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Saturday, February 6

Committed by Elizabeth Gilbert

For the past week, I’ve been reading, Committed, Elizabeth Gilbert’s follow up memoir to her best seller Eat, Pray, Love. I read Eat, Pray, Love in 2008, and it inspired me to take a trip by myself halfway across the world to Indonesia. (One of the best decisions I’ve ever made). So, I was excited and anxious to read her next book to see what kind of travel inspiration I would draw from it.

As it turned out, none. But the book was no less amazing!

In Eat, Pray, Love, the author decided to travel internationally for a year in an effort to “find herself” after a horrible divorce. She visited Italy (Eat), India (Pray), and Indonesia (Love). Yep, she found love again in Indonesia with a Brazilian-born, Australian citizen temporarily living in Bali for business.

Over the next three years, the two had a slow courtship and eventually pledged themselves to each other…but not immediately through conventional marriage. Both the author and her new beau had been through excruciatingly painful divorces which burdened them financially, emotionally and physically, so they were equally skeptical about the institution and had no desire to make their union “legal”—until the United States Government stepped in.

In order for Felipe, Gilbert’s new lover, to visit (and stay in) the US freely without the frequency of his trips raising suspicion with the border patrol, the two would need to be legally married…the couple had been sentenced to wed.

So, Committed is entirely about Gilbert’s attempt to make peace with the age-old, stubborn institution of marriage. She explores the history of marriage (which didn’t start off as a religious sacrament. It was once a secular institution monitored by families and civil courts. In fact, the church held celibacy in higher regard than marriage in the beginning); she interviews women from different cultures to get their perspectives on marriage; (what she finds is that arranged, or pragmatic, marriages—marriages based on the interest of the larger community rather than the two individuals involved—are more likely to stand the test of time). She also investigates the difference between infatuation and love. She notes that it is usually infatuation that gets people in the trouble of marrying or procreating too soon. Gilbert describes infatuation as, “the most perilous aspect of human desire….infatuation is not the quite same thing as love; it’s more like love’s shady second cousin who’s always borrowing money and can’t hold down a job.”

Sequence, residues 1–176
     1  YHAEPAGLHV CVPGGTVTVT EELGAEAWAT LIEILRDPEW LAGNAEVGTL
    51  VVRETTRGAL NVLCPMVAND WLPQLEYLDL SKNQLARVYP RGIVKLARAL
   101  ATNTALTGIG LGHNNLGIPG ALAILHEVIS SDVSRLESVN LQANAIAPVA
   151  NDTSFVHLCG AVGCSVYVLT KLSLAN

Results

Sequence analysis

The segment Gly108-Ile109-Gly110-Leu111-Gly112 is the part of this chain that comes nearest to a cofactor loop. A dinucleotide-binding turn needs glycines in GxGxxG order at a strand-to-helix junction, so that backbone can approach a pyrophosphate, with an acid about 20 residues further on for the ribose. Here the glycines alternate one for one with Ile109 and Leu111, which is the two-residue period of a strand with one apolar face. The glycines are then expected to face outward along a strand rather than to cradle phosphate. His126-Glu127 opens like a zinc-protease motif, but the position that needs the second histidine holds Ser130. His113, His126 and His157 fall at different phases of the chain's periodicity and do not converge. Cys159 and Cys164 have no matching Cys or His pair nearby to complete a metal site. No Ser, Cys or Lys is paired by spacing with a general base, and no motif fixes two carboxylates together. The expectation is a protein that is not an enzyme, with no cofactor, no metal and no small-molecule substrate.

Gilbert also reveals from research that women who marry later in life and have fewer kids (among other factors) are more likely to stay married in this day. The whole book challenges the reader to think about marriage outside of convention because the reality is the institution changes as history changes and evolves. My marriage won’t look identical to my mom’s and will only vaguely resemble my grandmother’s.

I’ll stop here and conclude with simply calling the book “eye-opening.” If you’re looking for a good, non-fiction read, check out Committed.

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